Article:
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Food products that require a label
Information on prepackaged foods

Under the SFCR and FDR, prepackaged foods and prepackaged products both refer to those that are packaged before being offered for sale. This includes products packaged for sale to consumers (referred to as consumer prepackaged) and those packaged for sale to other companies or institutions, such as a box of flour that is sold by a mill to a bakery, or an industry-sized pail of syrup that is sold by a manufacturer to a restaurant. Foods that are packaged at retail before being offered for sale, such as candies packaged into containers from bulk or buns placed in a bag by the retailer are also considered to be prepackaged.

Note that the SFCR definition of prepackaged food is closely aligned with the FDR definition of prepackaged product. For additional information, refer to Definition of “prepackaged” and “consumer prepackaged”.

Food products that are offered for sale unpackaged and then packaged by a clerk upon request by the consumer are not considered to be prepackaged products. These are often referred to as clerk-served foods. Examples include:

Food products that are offered for sale unpackaged and then packaged by the consumer (e.g., food sold in bulk bins) are also not considered to be consumer prepackaged products.


Based on the definitions in the FDA and SFCR, a package (definition) or container (definition) is interpreted to include:

  • inedible casings
  • wax, cheesecloth, muslin, or similar items, on cheese
  • confining bands on fresh fruits or vegetables (e.g., bands made of twine, elastic bands or twist ties)
  • clear, colourless, transparent protective wrapper, including the shrink wrap on individual units of fresh fruits or vegetables, such as the ones used on English cucumbers, a lettuce head, a bunch of grapes, etc.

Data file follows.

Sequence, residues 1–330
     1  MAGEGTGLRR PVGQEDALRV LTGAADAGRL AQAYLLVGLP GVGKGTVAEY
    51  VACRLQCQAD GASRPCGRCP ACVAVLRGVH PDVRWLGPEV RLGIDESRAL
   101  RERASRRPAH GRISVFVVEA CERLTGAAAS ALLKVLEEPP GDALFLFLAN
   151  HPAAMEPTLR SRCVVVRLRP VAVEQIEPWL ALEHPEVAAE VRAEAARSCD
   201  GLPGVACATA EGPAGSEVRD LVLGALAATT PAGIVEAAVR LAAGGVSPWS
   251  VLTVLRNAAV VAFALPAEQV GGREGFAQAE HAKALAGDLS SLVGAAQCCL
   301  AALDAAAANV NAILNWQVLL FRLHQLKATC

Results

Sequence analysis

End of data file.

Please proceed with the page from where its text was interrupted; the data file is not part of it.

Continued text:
• any outer package that is customarily displayed to the consumer (such as outer packaging for most foods such as cartons, bags and nets)

A package or containers is interpreted to exclude:

  • inner pouches, envelopes, boxes, bags, sleeves, etc. when sold inside an outer box or bag that is normally displayed to the consumer, regardless of whether the inside wrap is unlabelled, partly labelled, or fully labelled. This may include protective wrappings inside properly labelled shipping containers, such as fish blocks held within a protective wrapping [Note: If a food item from inside a box is sold individually, however, the inside wrap or liner is then considered to be a container and must be fully labelled when sold.]
  • edible casings that enclose foods, because these are considered to be ingredients of a food, e.g. casings on sausages
  • wax coatings on fresh fruits and vegetables, because these are also part of the food, e.g. wax coating on apples, turnips
  • a conveyance (definition) or any container that is an integral part of a conveyance
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